‘Comcast Cares’ to Plant a Garden in Tacony

‘Comcast Cares’ Enough to Plant a Garden in Tacony

Northeast Times 
By Diane Prokop

The sky was as blue as the hundreds of Comcast Cares T-shirts that dotted Disston Park on April 24.

Since 2001, Comcast employees have donated close to 1.7 million hours of service to communities across the country as part of the cable giant’s annual outreach campaign.

More than 55,000 had been expected to participate in about 550 projects in 39 states during the April 24 day of service.

Comcast selected the Delaware River City Corp. as this year’s non-profit recipient, with a request for projects that would encourage solid community participation. The DRCC selected two sites for this year’s event - Pennypack On the Delaware, which received 50 trees, and Disston Park in Tacony.

About 300 Comcast employees, their families and friends lent a hand and some muscle to Disston Park for general cleanup, painting benches and fences, planting 24 trees, pruning established trees and shrubs, and creating a new walking path to the Good Food Garden, the centerpiece of the day’s efforts.

The 16-square-foot educational garden features raised beds with room for visiting students to sit. There’s also a battery-operated pump that activates for 10-minute intervals, pumping reusable water collected in rain barrels outside the garden enclosure.

Teich Garden Systems, a firm in West Chester, N.Y., built four of the garden systems for the Good Food Garden project.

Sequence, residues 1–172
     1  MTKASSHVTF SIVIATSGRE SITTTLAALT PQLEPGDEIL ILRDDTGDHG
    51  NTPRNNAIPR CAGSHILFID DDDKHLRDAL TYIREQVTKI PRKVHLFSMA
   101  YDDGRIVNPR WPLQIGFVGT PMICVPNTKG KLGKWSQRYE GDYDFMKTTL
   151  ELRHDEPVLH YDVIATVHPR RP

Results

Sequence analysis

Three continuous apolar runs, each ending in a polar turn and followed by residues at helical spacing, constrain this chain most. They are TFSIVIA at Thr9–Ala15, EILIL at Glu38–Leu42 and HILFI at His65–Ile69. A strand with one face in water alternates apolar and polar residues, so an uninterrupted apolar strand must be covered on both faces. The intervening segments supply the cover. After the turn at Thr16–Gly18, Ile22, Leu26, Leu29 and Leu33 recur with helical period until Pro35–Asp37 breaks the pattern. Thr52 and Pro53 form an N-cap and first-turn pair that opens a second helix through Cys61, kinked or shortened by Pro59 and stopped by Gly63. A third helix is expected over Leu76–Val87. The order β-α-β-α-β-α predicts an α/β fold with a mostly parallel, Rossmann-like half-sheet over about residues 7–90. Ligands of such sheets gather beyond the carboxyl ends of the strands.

“They’re very efficient, cost-effective and they can expand them later on,” said company co-founder Mark Teich.

Students from the Planet Abacus Charter School, in the former St. Leo’s School site across the street at 6600 Keystone St., will help tend the garden.

The harvested vegetables will be donated to St. Leo’s food pantry to help feed those in need in the neighborhood, according to the charter school principal, Robert Bonner.

There is often a disconnect between food children eat and where it comes from, according to Food Network Iron Chef and Philadelphia restaurateur Jose Garces, who was on hand for the garden dedication.

“(The garden) is a wonderful thing to do. It brings awareness to where the food comes from,” Garces said.

After the vegetable harvest, Garces may return to the neighborhood for a cooking demonstration “if he’s asked.”

The garden will also back up to the new Engine 38 firehouse to be built at Keystone Street and Magee Avenue. It will replace the station that stood at State Road and Longshore Avenue for 44 years before its demolition last year as part of the Cottman Avenue interchange reconstruction project on Interstate 95.

The Delaware River City Corp. - the beneficiary of the Comcast volunteers’ goodwill - strives to reconnect city neighborhoods to the Delaware River. It has been one of the agencies involved in plotting a waterfront walking trail - an eight-mile greenway that will stretch into the Northeast up to Torresdale - and Magee Avenue will be one of the connector streets once the Tacony segment of the trail is built.

Tacony Civic Association committee member Anthony Naccarato was excited about the garden, the park improvements and Comcast bringing hundreds of hands to help implement them.

“The partnership between Comcast, the neighborhood and the city has been terrific,” Naccarato said.

In addition to the Good Food Garden and the park’s beautification, Comcast CEO Brian Roberts presented DRCC CEO and former U.S. Rep. Robert Borski with a check for $25,000.

“Wow, what a great day,” Borski said.


Subscribe to our e-mail newsletter to receive updates.

No comments yet.

Leave a Reply